Auction investors see fewer deals, better margins
Discovery Bay, CA, July 13, 2010 - ForeclosureRadar (www.foreclosureradar.com), the only website that tracks every California foreclosure and provides daily auction updates, issued its monthly California Foreclosure Report for for June 2010. Foreclosure activity was mixed in June after being down across the board in May. Filing of new foreclosure notices rose, while foreclosure sales dropped. The number of foreclosure sales that were cancelled hit an all time record in June, but the increase was primarily driven by just one lender JP Morgan Chase, and it's acquisitions including Washington Mutual. Although the number of properties purchased by 3rd parties at auction dropped significantly, they purchased nearly the same percentage of the total properties sold, and at a better discount to market value then we've seen in months."Historically it is very unusual to have more Notice of Trustee Sale filings than Notices of Default" says Sean O'Toole, Founder and CEO of ForeclosureRadar.com. "But with skyrocketing cancellations and the possibility of failing loan modifications, this will be increasingly common, as lenders are only required to file a Notice of Trustee Sale to restart the foreclosure process."
Notice of Default
Prior MonthPrior Year6.74%-45.24%
Notice of Trustee Sale
Prior MonthPrior Year21.93%11.56%
Notice of Default filings are the first step in the foreclosure process. Notice of Trustee Sale filings set the date and time of auction and serve as the homeowner's final notice before sale.
Prior MonthPrior Year27.09%%153.19%
Back to Bank (REO)
Prior MonthPrior Year-23.73%-46.71%
Sold to 3rd Party
Prior MonthPrior Year-26.24%10.73%
After the filing of a Notice of Trustee Sale, there are only three possible outcomes. First, the sale can be Cancelled for reasons that include a successful loan modification or short sale, a filing error, or a legal requirement to re-file the notice after extended postponements. Alternatively, if the property is taken to sale, the Bank will place the opening bid. If a 3rd party, typically an investor, bids more than the bank's opening bid, the property will be Sold to 3rd Party; if not, it will go Back to Bank and become part of that bank's REO inventory.
Prior MonthPrior Year8.86%-15.69%
Scheduled for Sale
Prior MonthPrior Year-0.99%15.74%
Bank Owned (REO)
Prior MonthPrior Year-4.89%-19.79%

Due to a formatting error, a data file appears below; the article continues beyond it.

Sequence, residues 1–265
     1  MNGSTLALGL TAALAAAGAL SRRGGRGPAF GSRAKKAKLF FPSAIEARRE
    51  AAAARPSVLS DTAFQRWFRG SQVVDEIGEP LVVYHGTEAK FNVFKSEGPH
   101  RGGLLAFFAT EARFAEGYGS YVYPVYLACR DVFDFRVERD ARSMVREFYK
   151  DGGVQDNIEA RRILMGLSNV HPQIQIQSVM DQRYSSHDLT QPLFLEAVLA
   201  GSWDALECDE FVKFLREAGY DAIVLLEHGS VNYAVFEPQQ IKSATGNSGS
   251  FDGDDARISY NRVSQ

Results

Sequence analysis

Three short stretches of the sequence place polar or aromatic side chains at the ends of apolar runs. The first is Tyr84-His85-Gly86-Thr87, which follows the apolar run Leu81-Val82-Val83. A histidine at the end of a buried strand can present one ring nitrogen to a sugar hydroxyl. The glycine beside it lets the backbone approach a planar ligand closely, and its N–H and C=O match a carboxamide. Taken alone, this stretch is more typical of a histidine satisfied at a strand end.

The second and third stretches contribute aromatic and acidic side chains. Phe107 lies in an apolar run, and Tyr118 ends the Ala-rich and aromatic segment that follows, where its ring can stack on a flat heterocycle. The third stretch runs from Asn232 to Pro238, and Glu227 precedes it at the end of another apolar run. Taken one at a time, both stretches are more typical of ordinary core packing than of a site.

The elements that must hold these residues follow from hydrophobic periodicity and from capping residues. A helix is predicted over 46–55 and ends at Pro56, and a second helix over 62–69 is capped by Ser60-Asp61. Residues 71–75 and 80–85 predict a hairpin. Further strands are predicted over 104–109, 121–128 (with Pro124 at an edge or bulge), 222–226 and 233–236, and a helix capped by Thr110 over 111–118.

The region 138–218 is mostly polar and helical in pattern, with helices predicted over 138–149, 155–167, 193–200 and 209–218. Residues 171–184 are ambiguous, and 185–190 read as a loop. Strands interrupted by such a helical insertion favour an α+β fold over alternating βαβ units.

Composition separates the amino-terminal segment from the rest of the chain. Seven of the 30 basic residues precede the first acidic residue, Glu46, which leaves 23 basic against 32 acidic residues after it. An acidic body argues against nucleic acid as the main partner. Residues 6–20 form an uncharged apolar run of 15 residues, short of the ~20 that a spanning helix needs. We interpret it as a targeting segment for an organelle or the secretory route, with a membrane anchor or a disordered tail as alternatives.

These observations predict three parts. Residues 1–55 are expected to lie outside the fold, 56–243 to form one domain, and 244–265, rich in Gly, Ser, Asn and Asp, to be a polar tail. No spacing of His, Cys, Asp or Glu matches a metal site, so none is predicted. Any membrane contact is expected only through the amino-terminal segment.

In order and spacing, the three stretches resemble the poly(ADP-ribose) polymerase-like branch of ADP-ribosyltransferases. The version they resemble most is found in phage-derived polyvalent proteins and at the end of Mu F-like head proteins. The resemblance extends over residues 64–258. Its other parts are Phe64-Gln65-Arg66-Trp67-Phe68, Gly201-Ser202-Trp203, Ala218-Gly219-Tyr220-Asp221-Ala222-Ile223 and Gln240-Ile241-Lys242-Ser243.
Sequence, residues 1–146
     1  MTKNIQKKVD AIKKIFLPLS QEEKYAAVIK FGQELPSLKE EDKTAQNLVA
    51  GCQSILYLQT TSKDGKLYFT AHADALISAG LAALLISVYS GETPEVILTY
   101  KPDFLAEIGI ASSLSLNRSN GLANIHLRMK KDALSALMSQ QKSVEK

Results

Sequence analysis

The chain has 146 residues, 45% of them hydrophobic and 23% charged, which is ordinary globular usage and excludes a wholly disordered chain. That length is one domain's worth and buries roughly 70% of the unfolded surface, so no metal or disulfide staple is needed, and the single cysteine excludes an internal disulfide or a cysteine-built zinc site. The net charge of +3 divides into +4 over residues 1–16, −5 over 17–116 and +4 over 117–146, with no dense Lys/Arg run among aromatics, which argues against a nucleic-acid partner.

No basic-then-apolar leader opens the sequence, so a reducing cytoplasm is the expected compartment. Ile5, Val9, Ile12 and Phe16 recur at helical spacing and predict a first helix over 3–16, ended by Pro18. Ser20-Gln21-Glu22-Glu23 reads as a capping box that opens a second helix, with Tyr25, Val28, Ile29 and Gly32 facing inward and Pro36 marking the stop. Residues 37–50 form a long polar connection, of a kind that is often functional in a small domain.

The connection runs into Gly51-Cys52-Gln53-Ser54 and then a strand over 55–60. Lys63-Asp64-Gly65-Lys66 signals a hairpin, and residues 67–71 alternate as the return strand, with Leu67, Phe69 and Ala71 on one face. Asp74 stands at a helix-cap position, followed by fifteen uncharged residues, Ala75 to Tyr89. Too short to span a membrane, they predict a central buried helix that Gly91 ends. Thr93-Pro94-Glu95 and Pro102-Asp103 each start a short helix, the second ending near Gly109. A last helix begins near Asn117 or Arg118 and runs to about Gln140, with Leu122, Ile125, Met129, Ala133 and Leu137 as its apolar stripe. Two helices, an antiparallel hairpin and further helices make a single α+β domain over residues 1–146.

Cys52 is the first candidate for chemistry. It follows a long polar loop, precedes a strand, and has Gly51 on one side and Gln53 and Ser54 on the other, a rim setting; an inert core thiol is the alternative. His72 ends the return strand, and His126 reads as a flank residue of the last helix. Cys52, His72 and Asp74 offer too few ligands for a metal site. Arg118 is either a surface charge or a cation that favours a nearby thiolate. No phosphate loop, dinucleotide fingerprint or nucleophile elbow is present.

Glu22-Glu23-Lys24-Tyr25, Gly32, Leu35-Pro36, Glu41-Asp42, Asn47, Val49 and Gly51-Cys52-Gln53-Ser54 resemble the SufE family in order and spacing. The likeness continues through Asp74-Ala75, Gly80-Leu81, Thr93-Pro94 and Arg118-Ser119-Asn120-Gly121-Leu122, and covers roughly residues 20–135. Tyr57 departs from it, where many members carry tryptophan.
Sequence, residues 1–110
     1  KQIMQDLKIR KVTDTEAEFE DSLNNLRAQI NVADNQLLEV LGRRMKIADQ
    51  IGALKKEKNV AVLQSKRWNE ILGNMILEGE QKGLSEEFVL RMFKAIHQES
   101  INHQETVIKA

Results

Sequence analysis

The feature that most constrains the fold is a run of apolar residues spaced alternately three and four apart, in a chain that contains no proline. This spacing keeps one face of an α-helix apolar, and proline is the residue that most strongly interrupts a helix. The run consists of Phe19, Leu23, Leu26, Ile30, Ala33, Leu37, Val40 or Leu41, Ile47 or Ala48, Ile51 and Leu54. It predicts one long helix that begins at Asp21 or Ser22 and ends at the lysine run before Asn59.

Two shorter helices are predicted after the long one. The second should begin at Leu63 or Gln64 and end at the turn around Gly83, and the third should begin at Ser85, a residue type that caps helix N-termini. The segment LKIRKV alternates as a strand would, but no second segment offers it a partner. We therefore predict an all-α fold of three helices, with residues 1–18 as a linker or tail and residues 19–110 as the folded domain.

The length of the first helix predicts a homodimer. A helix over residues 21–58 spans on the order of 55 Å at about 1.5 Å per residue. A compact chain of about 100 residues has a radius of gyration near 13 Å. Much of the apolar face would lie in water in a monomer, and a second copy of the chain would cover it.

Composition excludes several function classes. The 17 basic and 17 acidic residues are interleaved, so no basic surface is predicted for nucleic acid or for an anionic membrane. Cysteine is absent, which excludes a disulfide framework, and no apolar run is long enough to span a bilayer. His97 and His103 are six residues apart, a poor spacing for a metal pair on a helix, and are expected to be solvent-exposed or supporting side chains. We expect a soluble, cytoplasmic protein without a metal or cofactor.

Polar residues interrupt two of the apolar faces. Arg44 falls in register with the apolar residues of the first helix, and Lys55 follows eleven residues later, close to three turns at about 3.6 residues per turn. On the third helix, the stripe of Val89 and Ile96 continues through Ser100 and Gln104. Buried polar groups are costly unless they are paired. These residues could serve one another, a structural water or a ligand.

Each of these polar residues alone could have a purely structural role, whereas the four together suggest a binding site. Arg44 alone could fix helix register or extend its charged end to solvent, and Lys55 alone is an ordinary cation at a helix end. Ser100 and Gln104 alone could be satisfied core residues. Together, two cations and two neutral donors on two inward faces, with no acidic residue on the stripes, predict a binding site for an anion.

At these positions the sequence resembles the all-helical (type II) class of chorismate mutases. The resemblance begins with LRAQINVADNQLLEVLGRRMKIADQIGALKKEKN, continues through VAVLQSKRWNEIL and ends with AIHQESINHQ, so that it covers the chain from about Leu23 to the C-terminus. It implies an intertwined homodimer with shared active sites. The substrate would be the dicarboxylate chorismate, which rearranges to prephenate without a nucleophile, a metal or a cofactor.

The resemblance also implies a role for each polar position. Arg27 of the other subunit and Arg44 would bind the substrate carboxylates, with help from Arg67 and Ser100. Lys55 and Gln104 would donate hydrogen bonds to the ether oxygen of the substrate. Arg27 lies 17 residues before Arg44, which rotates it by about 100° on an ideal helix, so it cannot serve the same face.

Preforeclosure inventory is an estimate of the number of properties that have had a Notice of Default filed against the property, but have not yet been Scheduled for Sale. The Scheduled for Sale inventory indicates those properties that have had a Notice of Trustee Sale filed, but have not yet been sold or had the sale cancelled. The Bank Owned (REO) inventory indicates the number of properties that have been sold Back to Bank at the trustee sale, and which the bank has not yet resold to another party.
Foreclosure discounting compares the winning Bid Amount of properties sold at trustee sale to both the outstanding Loan Amount, and the current Market Value. Banks place an opening bid for each property, and if a 3rd Party does not make a higher bid the property will be sold Back to Bank (REO) for the opening bid amount. While 3rd Party bids are higher than the opening bid, properties Sold to 3rd Parties typically have lower opening bids to start with and therefore deeper discounts to both Loan Amount and Market Value.
<tr >Prior MonthPrior Year
Time to Foreclosure
Time to Resell - Bank
Prior MonthPrior Year5.95%9.43%
Time to Resell - 3rd
Prior MonthPrior Year4.29%1.19%Time to Foreclose is the total time from the filing of the Notice of Default to the sale of the property at trustee sale, and reflects those properties sold in the month indicated. Time to Resell reflects how long it takes banks and 3rd parties to resell the properties they take back or purchase at trustee sale.
Foreclosure Activity By County
Notice of DefaultNotice of Trustee SaleBack to Bank (REO)Sold to 3rd Party